Here comes tax increase, ready or not
By Mike Leidemann
Advertiser Staff Writer
By Mike Leidemann
As the City Council prepares to take a final vote this month on a multibillion-dollar rail project, consumers, merchants and state officials are gearing up for the Jan. 1 start of a tax increase to help pay for it.
For months, state officials have been meeting with trade organizations, contractors and groups to answer concerns and questions about the rules and regulations governing the tax surcharge, which will increase the cost of almost all goods and services on O'ahu for the next 15 years.
"We've been doing everything we possibly can to get the word out. We're ready to go live Jan. 1," said state Tax Director Kurt Kawafuchi.
Meanwhile, business groups are trying to spread the word to thousands of their members. Despite the education campaign, at least some businesses are likely to be caught off-guard by the new tax regulations, business leaders said.
"There's bound to be a little craziness out there for a while. At least some people are going to say 'Huh?' when they start getting the forms that reflect the new tax," said Carol Pregill, head of the Retail Merchants of Hawaii.
The tax surcharge, passed by the state Legislature last year to help fund a rail transit project on O'ahu, will raise the current 4 percent rate general excise tax to 4.5 percent — a 12.5 percent increase. Businesses will be allowed to charge customers up to 4.712 percent.
Private and government officials estimate that the new tax could cost a family of four about $450 a year; city officials said the tax could raise between $150 million and $239 million a year to pay part of the cost of the proposed rail line, expected to cost between $3.8 billion and $4.6 billion, depending on which route the City Council chooses later this month.
No one, however, is certain about the true costs and benefits of the tax increase, the biggest in Hawai'i in the last four decades.
"The truth is that nobody knows what's going to happen. Anyone who tells you they can predict the results within $100 million is just not being honest," said Lowell Kalapa, head of the Tax Foundation of Hawai'i.
Kawafuchi said this will be the first time that a state tax will be leveled at different rates depending on where it's collected. That's created a number of challenges as officials struggled to come up with rules and regulations administering the tax, he said.
"Anytime you have a new tax law, there are going to be things coming up. It's hard to right one-size rules to fit all. We've tried to address everything we can think of, but I'm sure there will still be some things we haven't thought of yet. We invite people to write or call us with their own questions," he said.
DEVIL IN THE DETAILS
While the increase sounds straightforward enough, details have been devilish, business leaders said.
For instance, while the tax increase in the statewide excise tax only applies to O'ahu, the state has ruled that all companies selling products here — even those based on the Neighbor Islands — will have to pay the tax. So will O'ahu-based companies doing business primarily on the Neighbor Islands. For real estate transactions, the tax will be based on where the property is located; for most other commission-type sales, it will be based on the location of the agent.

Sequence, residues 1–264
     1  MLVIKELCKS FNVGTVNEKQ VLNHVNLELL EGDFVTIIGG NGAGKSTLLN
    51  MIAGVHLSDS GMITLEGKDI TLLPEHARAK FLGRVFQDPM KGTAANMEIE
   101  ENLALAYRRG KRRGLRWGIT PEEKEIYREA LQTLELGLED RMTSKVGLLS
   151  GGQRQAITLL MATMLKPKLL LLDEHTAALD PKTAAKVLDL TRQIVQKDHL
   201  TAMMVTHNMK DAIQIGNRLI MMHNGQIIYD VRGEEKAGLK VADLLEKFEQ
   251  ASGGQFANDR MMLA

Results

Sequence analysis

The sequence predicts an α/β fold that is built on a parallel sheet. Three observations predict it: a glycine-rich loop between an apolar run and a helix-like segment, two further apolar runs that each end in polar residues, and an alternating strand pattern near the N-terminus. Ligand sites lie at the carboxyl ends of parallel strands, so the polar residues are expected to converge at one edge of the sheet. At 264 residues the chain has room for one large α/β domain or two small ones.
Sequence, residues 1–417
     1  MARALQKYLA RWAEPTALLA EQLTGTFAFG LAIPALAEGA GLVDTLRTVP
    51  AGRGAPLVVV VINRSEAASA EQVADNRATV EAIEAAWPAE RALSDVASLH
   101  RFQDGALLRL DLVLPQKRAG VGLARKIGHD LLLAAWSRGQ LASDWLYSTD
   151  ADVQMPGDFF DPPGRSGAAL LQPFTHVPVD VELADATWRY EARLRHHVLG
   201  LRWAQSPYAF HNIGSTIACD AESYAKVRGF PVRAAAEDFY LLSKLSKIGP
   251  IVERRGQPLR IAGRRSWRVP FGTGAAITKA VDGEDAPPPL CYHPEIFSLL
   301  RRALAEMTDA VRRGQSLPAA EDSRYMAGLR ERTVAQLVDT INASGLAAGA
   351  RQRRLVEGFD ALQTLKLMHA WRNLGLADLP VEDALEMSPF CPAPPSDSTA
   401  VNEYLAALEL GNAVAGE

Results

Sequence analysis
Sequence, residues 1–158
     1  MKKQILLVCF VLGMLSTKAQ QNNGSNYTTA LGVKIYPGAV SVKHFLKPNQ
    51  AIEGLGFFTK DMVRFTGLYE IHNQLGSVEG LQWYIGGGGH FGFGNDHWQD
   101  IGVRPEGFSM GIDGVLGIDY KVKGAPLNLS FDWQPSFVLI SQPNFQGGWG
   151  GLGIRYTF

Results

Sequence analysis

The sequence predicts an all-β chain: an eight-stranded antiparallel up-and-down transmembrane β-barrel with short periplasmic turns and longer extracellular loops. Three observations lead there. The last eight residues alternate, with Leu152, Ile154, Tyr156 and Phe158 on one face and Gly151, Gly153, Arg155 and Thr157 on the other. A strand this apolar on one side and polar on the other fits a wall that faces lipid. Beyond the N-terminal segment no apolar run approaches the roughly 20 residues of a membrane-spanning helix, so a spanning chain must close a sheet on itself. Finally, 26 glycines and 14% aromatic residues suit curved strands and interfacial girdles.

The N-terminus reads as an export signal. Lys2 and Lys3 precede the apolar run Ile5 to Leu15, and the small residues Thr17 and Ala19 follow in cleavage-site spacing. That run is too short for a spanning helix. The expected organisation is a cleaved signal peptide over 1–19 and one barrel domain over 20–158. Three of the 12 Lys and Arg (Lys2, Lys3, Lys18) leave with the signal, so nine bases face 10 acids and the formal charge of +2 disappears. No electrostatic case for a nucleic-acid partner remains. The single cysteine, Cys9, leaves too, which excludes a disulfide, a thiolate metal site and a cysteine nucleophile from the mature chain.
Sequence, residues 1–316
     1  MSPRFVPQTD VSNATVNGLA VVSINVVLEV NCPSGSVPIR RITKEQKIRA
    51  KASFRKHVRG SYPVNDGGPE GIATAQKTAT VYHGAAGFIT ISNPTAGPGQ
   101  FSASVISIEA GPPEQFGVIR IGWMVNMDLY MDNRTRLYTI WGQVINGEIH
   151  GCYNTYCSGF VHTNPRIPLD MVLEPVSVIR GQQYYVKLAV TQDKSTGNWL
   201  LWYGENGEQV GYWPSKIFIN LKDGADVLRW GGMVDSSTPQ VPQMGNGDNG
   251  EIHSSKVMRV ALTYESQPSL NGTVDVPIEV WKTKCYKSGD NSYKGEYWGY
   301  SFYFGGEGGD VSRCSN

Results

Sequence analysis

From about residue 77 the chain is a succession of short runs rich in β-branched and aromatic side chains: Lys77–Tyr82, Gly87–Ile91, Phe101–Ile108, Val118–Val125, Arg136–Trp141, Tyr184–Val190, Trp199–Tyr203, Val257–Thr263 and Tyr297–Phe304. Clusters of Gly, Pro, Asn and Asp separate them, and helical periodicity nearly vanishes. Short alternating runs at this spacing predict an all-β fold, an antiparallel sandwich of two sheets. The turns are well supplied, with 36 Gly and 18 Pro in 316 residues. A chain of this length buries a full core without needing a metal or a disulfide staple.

"It's creating a lot of inconsistency and a raising a lot of new questions," Kalapa said. "Some companies are going to consider restructuring or moving their operations to avoid the tax."
"We've talked to a lot of businesses, and they're really not ready to deal with all the specific technical questions that have started to come up. Everybody has a situation they haven't thought of yet, so a lot of them are just going by the seat of their pants," said Sam Slom, head of Small Business Hawai'i and a state Republican senator who vigorously opposed the new tax.
Slom noted that a new minimum-wage law and other new fees also will kick in at the beginning of the year.
"It's going to be a real difficult situation," Slom said. "One thing that's absolutely certain, it's going to raise the cost of doing business in Hawai'i yet again and will absolutely have an impact on the standard of living for families."
The city's alternative analysis plan for mass transit estimates that the excise tax surcharge could generate between $2.6 billion and $3.2 billion over its 16-year life span, enough to provide the lion's share of funding needed to build a 20-mile elevated rail line from Kapolei to Ala Moana.
Since the figures are just estimates, there's wide disagreement over how close they will come to reality.
"If the economy stays strong, we could end up with an even higher figure," Mayor Mufi Hannemann said.
Kalapa disagrees. The tax surcharge could have a negative effect on the state's economy, driving the tax base down, he said.
"The figures are a real joke. The predictions are overly optimistic," he said.
If the City Council chooses the longer, $4.8 billion route from Kalaeloa to the University of Hawai'i-Manoa, officials estimate that the surcharge income and federal funding would still leave the city about $1.2 billion short of full funding. That money might be made up through other sources, including the selling of development rights around transit stations.
Reach Mike Leidemann at email@example.com.